Composers of serial music in post-war Europe wrote almost as much about music as the music itself, but the relationship between theory and practice in the work of key figures like Stockhausen, Eimert, Pousseur and Schnebel has often been misrepresented. Focusing on the controversial journal Die Reihe, this book traces serialism's cultural history, its debt to the artistic theories of Klee and Mondrian, and its relationship to contemporary developments in concrete art, poetry and information aesthetics. It sketches a aesthetic theory of serialism as an experimental music.Read more
- Discussion of topics central to contemporary musicology: the rhetoric of music theory; the relationship of music to language; musical semiotics
- Covers key figures whose work has been rarely discussed, including Herbert Eimert, Henri Pousseur and Dieter Schnebel
- Extensive reference to the nonmusical arts and aesthetics
Reviews & endorsements
"provocative...rich and allusive...one of the key set academic texts on serialisation...Grant constantly seeks to demystify, and she writes with considerable elegance and conviction." - Music Teacher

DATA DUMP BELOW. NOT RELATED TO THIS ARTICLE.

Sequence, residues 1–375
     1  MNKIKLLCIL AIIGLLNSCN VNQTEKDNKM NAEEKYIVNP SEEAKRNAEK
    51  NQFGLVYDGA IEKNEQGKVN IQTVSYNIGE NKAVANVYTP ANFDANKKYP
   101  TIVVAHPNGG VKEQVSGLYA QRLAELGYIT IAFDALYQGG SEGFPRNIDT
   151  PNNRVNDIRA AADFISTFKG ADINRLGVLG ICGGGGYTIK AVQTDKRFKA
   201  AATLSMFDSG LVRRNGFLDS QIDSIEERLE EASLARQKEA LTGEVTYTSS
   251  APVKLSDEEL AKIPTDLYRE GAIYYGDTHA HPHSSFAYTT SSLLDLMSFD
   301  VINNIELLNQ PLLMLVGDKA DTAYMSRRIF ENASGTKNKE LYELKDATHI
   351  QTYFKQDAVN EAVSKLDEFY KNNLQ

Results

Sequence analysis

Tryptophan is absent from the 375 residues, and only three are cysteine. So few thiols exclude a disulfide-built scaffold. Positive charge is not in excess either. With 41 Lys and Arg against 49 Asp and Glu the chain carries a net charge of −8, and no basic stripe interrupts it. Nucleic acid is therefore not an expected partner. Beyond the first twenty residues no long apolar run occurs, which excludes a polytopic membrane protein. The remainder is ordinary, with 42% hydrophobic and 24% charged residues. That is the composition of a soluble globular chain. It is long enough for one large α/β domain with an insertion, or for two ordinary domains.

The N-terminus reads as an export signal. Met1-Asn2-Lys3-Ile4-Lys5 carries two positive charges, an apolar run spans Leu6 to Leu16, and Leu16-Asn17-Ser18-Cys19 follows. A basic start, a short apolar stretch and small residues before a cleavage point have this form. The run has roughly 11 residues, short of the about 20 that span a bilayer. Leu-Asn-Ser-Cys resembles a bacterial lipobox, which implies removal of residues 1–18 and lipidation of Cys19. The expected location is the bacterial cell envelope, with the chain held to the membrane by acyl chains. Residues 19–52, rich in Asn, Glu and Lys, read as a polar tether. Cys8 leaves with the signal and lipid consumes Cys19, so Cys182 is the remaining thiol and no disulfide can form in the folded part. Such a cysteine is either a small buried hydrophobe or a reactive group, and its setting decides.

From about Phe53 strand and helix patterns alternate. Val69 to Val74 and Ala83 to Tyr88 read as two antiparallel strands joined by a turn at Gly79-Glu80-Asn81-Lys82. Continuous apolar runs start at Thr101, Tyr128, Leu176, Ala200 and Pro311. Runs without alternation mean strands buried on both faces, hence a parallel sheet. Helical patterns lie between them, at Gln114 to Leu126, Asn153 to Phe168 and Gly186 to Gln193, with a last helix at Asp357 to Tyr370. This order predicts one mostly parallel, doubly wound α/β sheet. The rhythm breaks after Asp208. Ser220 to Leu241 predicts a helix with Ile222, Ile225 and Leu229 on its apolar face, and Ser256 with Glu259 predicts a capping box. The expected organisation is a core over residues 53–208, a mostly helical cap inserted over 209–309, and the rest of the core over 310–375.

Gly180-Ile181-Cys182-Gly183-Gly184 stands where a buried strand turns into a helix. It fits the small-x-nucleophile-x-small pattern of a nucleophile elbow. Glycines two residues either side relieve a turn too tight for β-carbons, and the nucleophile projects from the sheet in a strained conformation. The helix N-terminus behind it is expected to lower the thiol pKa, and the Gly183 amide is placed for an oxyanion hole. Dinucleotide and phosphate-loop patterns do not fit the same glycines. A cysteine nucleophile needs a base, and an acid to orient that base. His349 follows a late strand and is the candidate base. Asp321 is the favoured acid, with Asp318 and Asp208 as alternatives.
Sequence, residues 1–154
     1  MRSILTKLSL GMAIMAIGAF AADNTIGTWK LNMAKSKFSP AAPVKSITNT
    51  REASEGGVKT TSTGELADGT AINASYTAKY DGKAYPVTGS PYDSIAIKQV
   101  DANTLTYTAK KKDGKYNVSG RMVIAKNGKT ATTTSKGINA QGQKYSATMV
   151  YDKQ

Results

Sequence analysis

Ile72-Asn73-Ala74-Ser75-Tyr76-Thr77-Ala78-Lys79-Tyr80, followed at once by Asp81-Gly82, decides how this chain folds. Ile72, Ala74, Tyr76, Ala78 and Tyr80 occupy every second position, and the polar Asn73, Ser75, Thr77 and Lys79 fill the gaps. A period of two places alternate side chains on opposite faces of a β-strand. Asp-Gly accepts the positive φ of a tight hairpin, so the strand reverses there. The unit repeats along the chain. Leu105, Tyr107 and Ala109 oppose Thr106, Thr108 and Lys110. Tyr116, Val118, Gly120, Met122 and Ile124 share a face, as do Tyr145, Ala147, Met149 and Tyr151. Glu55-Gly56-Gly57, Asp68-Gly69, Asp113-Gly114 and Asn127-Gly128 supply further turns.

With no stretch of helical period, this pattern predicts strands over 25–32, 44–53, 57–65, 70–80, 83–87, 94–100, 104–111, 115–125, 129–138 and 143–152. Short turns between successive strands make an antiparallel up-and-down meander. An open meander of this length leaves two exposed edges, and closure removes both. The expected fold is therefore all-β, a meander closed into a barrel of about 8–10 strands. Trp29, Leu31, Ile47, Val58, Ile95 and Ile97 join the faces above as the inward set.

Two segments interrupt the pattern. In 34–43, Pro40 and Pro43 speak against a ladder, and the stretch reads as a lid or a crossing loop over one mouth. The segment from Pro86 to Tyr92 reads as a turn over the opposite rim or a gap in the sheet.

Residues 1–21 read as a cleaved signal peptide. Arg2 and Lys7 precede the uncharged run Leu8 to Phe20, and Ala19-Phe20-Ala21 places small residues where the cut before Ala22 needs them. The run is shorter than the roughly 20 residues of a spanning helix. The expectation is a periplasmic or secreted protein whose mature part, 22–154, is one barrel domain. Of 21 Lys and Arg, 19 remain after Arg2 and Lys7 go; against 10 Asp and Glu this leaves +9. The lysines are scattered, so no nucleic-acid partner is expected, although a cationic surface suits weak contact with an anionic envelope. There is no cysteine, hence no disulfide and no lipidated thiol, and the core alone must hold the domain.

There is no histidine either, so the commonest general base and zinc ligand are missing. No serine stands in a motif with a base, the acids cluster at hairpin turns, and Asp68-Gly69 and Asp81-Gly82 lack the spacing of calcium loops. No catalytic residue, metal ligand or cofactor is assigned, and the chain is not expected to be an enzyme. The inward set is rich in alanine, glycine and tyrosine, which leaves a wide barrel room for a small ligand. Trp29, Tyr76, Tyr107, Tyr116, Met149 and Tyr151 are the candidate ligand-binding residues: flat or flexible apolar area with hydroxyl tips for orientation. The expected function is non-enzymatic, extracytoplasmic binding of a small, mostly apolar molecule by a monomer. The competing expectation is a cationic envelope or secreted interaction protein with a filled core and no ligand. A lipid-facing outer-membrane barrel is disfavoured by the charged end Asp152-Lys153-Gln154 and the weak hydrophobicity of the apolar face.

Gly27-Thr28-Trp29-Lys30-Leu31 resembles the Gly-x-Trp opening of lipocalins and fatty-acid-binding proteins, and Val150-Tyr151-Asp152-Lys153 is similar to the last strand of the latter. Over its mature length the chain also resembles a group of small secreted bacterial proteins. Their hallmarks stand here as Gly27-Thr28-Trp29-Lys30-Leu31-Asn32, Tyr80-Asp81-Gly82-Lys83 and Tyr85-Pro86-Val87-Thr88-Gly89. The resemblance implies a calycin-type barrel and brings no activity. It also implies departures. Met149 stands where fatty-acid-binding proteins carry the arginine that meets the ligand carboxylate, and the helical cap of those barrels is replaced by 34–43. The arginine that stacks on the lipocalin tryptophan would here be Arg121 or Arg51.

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- Date Published: June 2005
- format: Paperback
- isbn: 9780521619929
- length: 284 pages
- dimensions: 244 x 188 x 15 mm
- weight: 0.52kg
- contains: 11 b/w illus. 5 music examples
- availability: Available
Table of Contents
Note on the text
1. European culture in the post-war years
2. The isolated tone: electronic and serial music, 1945–1954
3. Electronic music - 'chaos or order'?
4. Webern and Debussy
5. Serial music as an aleatoric process
6. 'Das Serielle'
7. Music and language
8. Serial theory, serial practice - wherefore, and why?
Part V: Conclusion: Dorthin?
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